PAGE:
So many languages, so little time. A(nother) language log (RU, EO, maybe some others)

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Arnaud
Blue Belt
Posts: 550
Joined: Sat Jul 18, 2015 11:57 am
Languages: French (N), Russian (int)
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Re: So many languages, so little time. A(nother) language log (RU, EO, maybe some others)

Postby Arnaud » Mon Mar 20, 2017 8:14 pm

Ani wrote:That's so cool. I bet it is really tempting to call them up and just chit chat. When they get sick of you, you can hang up and try the next language :)
Except if they engaged a super polyglot to answer :mrgreen:
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Expugnator
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Posts: 871
Joined: Sat Jul 18, 2015 9:45 pm
Location: Belo Horizonte
Languages: Native Brazilian Portuguese#advanced fluency English, French, Papiamento#basic fluency Italian, Norwegian#intermediate German, Georgian and Chinese (Mandarin)#basic Russian, Estonian#just started Greek (Modern)
Language Log: viewtopic.php?f=15&t=5221
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Re: So many languages, so little time. A(nother) language log (RU, EO, maybe some others)

Postby Expugnator » Tue Mar 21, 2017 9:22 pm

The Portuguese is flawlessly idiomatic (with 'conseguir'), so I bet you can trust the other translations.
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Corrections welcome for any language.

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IronMike
Green Belt
Posts: 458
Joined: Thu May 12, 2016 6:13 am
Location: Moscow
Languages: English (N), Russian (C1), Esperanto (B2?). I am living in Moscow now, so currently studying Russian for 2-4 weeks, then Esperanto for 2. Lather, rinse, repeat. Throw in the occasional day or two of some obscure language.
Language Log: viewtopic.php?f=15&t=5189
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Re: So many languages, so little time. A(nother) language log (RU, EO, maybe some others)

Postby IronMike » Wed Mar 22, 2017 6:28 pm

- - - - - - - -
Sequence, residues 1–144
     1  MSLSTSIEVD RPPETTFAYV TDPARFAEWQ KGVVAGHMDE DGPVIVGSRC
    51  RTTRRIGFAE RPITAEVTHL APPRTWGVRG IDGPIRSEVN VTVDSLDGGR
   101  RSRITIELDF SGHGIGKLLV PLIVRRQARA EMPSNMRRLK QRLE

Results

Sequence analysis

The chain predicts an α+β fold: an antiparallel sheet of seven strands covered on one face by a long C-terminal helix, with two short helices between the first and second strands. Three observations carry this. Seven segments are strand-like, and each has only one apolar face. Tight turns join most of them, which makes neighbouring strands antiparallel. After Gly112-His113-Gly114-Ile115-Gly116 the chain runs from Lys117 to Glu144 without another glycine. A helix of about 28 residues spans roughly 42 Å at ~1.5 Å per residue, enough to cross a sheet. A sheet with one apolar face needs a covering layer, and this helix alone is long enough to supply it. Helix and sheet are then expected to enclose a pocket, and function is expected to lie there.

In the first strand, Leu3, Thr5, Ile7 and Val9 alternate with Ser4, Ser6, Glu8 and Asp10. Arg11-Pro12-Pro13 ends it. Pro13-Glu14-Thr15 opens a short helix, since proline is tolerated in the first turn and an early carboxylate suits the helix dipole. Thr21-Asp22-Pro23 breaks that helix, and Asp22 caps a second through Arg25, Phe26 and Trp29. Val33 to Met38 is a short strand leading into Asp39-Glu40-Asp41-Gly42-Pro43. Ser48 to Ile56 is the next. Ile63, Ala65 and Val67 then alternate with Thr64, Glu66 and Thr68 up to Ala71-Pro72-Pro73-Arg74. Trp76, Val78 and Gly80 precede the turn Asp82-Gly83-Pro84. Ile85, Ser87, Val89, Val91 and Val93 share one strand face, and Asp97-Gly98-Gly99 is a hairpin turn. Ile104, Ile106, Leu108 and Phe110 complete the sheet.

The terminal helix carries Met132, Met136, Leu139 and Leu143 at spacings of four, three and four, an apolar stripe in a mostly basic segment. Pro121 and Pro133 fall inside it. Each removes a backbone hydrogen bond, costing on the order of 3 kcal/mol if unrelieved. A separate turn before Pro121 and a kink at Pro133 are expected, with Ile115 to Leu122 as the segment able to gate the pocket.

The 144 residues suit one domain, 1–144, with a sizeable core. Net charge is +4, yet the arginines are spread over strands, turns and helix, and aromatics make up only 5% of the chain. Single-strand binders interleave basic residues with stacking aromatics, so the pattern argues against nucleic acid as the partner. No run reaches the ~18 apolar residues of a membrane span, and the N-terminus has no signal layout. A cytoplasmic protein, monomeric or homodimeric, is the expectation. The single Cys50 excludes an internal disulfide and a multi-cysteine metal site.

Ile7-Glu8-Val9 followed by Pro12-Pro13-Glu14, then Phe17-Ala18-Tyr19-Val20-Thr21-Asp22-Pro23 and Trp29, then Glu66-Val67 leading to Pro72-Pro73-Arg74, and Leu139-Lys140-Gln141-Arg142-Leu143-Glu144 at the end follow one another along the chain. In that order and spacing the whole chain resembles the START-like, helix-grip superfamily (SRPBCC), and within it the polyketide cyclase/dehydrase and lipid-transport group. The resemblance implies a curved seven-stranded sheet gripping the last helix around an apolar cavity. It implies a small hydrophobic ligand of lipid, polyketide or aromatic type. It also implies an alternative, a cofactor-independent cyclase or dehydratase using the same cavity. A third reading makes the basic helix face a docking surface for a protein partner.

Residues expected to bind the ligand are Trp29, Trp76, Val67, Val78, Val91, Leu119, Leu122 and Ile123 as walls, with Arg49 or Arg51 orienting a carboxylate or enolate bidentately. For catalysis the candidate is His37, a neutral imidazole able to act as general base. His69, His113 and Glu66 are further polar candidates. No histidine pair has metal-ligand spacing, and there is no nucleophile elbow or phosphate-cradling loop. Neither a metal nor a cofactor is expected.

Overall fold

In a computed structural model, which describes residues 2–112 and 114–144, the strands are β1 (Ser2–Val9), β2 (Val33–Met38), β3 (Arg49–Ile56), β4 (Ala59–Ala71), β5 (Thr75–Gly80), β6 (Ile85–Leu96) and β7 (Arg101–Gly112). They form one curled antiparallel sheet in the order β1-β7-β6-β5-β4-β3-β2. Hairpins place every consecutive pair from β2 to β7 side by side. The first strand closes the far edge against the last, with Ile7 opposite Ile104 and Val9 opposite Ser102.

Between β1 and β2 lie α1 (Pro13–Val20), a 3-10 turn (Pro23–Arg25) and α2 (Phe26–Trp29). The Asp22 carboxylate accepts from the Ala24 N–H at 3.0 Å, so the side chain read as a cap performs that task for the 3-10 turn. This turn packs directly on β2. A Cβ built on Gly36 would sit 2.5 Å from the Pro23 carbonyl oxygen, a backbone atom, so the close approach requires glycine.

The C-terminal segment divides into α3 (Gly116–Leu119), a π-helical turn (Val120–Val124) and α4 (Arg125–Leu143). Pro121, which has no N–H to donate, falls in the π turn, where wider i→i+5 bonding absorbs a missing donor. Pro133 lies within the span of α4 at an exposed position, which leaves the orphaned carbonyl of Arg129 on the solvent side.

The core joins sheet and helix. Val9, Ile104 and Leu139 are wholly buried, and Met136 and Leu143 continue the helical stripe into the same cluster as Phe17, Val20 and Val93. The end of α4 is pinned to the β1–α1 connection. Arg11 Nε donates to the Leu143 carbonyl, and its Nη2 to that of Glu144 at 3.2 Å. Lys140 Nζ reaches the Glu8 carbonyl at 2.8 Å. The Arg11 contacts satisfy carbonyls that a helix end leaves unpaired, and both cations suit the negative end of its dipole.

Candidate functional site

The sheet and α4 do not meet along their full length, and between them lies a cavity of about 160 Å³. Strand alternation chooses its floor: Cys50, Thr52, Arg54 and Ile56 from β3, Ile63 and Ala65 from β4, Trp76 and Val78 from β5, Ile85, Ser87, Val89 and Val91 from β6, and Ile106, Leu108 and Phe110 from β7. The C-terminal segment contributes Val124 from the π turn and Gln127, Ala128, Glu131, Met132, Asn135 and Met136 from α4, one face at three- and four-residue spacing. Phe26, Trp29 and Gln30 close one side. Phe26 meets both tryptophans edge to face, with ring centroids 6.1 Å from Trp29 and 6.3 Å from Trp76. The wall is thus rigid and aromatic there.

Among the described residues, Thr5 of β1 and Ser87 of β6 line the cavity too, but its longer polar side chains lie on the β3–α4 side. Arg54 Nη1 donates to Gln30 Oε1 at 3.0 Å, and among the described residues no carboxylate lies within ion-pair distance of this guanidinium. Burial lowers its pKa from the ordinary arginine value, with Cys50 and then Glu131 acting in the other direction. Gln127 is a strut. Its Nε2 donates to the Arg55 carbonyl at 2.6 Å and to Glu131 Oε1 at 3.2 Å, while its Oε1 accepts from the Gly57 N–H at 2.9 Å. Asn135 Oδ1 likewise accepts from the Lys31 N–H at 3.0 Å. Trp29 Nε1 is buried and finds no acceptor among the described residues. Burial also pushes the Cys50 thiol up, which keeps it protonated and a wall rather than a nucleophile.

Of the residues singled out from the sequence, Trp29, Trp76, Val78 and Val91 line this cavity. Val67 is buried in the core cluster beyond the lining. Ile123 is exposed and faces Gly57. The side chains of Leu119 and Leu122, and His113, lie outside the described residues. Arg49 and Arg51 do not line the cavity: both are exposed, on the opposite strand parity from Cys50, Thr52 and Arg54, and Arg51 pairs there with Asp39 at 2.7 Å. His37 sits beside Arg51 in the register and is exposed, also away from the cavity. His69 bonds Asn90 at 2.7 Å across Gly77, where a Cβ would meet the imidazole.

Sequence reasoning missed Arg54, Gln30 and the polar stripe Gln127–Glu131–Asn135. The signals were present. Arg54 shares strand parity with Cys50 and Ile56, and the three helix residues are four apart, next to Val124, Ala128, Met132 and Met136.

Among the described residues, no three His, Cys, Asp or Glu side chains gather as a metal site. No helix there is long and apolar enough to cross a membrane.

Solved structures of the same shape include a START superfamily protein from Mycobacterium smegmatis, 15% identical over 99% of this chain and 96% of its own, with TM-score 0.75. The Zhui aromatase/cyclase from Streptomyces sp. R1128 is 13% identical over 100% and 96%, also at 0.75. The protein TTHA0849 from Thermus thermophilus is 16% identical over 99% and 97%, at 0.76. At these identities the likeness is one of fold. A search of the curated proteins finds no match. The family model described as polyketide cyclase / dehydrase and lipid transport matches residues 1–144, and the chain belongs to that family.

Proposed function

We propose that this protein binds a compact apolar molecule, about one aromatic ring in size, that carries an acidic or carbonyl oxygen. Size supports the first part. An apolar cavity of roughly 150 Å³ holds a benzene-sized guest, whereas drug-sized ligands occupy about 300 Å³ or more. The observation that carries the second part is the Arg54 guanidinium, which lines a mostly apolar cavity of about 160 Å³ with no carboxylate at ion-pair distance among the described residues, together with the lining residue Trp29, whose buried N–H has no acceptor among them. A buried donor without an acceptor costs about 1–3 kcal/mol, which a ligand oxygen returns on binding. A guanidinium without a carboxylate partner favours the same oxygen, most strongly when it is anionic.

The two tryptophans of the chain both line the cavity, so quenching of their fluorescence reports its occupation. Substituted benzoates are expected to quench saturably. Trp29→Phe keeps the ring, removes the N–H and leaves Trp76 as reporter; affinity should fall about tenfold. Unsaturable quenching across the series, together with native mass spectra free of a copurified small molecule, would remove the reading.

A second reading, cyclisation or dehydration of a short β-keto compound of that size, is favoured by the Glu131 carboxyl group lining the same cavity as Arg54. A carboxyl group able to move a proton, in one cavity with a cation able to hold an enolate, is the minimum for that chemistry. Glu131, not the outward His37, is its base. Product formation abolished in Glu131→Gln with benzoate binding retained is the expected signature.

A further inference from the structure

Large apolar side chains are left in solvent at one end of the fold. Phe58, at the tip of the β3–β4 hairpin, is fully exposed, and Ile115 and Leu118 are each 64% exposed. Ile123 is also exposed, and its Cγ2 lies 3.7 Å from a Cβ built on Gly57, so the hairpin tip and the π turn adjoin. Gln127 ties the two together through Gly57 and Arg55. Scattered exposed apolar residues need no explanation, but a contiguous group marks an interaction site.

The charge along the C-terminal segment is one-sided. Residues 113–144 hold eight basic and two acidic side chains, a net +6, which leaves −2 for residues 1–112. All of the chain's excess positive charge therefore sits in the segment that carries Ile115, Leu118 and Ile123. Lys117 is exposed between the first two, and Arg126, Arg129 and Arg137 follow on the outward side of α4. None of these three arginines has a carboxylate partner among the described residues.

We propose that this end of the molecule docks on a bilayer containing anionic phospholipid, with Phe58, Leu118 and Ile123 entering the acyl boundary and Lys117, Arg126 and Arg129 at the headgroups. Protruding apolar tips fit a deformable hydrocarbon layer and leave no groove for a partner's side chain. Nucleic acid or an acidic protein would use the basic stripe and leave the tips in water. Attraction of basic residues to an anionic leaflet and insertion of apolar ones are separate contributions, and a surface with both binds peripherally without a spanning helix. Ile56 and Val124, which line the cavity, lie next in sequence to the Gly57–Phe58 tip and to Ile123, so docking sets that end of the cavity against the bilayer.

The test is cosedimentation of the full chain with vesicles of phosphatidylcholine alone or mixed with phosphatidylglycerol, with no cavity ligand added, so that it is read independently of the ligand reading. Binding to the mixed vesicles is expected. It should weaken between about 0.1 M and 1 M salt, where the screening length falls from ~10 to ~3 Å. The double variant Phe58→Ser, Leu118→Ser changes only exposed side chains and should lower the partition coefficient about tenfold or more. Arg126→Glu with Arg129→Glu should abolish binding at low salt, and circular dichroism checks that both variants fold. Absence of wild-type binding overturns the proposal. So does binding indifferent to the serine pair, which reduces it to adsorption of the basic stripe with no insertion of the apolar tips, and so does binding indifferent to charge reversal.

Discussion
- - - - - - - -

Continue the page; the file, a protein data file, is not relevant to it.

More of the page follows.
The wife and daughter #1 came back from London on Saturday night (RIP to those who perished today) with two books for me: Colloquial Welsh and Colloquial Breton. I love the Celtic languages. I'd studied Cornish seriously a few years ago (Kernewek dre Lyther) and got to (at least) a good reading level in it. I've also studied Irish for about a year, one night a week. It was slow-going, a class for those who weren't really that into language learning. It went too slow so I dropped after about 8 months. Got a good basis, so if I ever take it up again I think I can get back up to speed quickly. (Those damn Irish vowels...jeez.)

But I have a soft-spot in my heart for the Brythonic celtic languages. I started looking through the Breton book and listening to the first lesson's free audio (here). Wow, so much different than Cornish (its closest relative) and Welsh. So many nasalized vowels!

The funny thing was that I listened to a dialogue in the book and one of the characters was named Herve. Well, I work with a guy named Herve. I know that Herve is probably a popular French name, but who knows. I asked him today if he happened to be from Brittany. Hell, I would kick myself if I had a fluent Breton speaker down the street from me and I didn't take advantage of that.

Alas, he is from Lorraine, and is not a Breton speaker. Sigh...
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Xenoglossomania is a serious condition, cured only by collecting more languages

SC Esperanto books : 13 / 50
SC E-o films : 16 / 50
SC Russian books : 16 / 50
SC Rus films : 21 / 50

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IronMike
Green Belt
Posts: 458
Joined: Thu May 12, 2016 6:13 am
Location: Moscow
Languages: English (N), Russian (C1), Esperanto (B2?). I am living in Moscow now, so currently studying Russian for 2-4 weeks, then Esperanto for 2. Lather, rinse, repeat. Throw in the occasional day or two of some obscure language.
Language Log: viewtopic.php?f=15&t=5189
x 642
Contact:

Re: So many languages, so little time. A(nother) language log (RU, EO, maybe some others)

Postby IronMike » Mon Mar 27, 2017 5:12 pm

So, had my first session of L-R this morning. Listening/reading The Martian in Russian. Somehow I got an ebook that is slightly different than the audio. It's annoying, but not too distracting. I know the story from the movie (didn't read the book), so I know what I should be reading/listening. We'll see how this goes. I'm doing this for 2 weeks as the March Esperanto-Sumoo just finished on Sunday.

For the Esperanto-Sumoo I read Sur Sanga Tero by Julio Baghy. Great book and follow-up to Viktimoj. Horrible stuff happened during the Russian civil war in 1917.

The interesting thing about Baghy's two novels is they are semi-autobiographical. He actually was a prisoner of war and taught Esperanto to other prisoners while in captivity in Siberia.
2 x
Xenoglossomania is a serious condition, cured only by collecting more languages

SC Esperanto books : 13 / 50
SC E-o films : 16 / 50
SC Russian books : 16 / 50
SC Rus films : 21 / 50


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